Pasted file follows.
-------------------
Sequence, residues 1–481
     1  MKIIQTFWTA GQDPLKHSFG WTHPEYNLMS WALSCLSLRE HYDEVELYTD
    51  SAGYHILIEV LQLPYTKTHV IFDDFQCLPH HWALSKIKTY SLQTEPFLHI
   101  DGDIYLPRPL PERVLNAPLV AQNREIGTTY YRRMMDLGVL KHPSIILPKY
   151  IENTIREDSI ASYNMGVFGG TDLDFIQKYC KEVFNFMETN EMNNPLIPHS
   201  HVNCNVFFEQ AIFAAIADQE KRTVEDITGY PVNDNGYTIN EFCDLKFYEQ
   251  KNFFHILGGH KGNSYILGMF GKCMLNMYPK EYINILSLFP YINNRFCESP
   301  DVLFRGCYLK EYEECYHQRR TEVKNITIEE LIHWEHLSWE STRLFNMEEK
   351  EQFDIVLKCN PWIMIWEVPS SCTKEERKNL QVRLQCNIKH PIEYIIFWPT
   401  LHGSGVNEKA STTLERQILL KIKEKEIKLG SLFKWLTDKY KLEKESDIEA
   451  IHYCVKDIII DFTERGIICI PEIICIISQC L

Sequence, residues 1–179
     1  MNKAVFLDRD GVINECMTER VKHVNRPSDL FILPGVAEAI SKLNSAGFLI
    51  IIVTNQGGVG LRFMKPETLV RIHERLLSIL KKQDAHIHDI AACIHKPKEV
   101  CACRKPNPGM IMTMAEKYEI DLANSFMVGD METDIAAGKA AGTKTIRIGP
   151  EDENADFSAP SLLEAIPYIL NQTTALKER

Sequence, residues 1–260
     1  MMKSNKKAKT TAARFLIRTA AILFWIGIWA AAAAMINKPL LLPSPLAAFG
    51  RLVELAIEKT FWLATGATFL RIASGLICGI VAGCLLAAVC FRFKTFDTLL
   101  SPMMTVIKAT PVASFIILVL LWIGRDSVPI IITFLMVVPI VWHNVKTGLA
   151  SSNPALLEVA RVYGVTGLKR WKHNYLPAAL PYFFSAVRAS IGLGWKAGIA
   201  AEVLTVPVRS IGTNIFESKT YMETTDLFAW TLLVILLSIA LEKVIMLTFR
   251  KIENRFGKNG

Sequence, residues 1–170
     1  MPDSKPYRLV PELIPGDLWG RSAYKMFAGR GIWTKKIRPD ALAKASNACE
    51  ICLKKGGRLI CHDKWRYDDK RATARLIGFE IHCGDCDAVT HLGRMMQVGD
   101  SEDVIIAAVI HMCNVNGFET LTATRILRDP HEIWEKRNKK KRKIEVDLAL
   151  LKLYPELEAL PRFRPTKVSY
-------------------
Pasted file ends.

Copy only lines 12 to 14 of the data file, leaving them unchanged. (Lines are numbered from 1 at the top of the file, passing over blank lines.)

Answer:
Sequence, residues 1–179
     1  MNKAVFLDRD GVINECMTER VKHVNRPSDL FILPGVAEAI SKLNSAGFLI
    51  IIVTNQGGVG LRFMKPETLV RIHERLLSIL KKQDAHIHDI AACIHKPKEV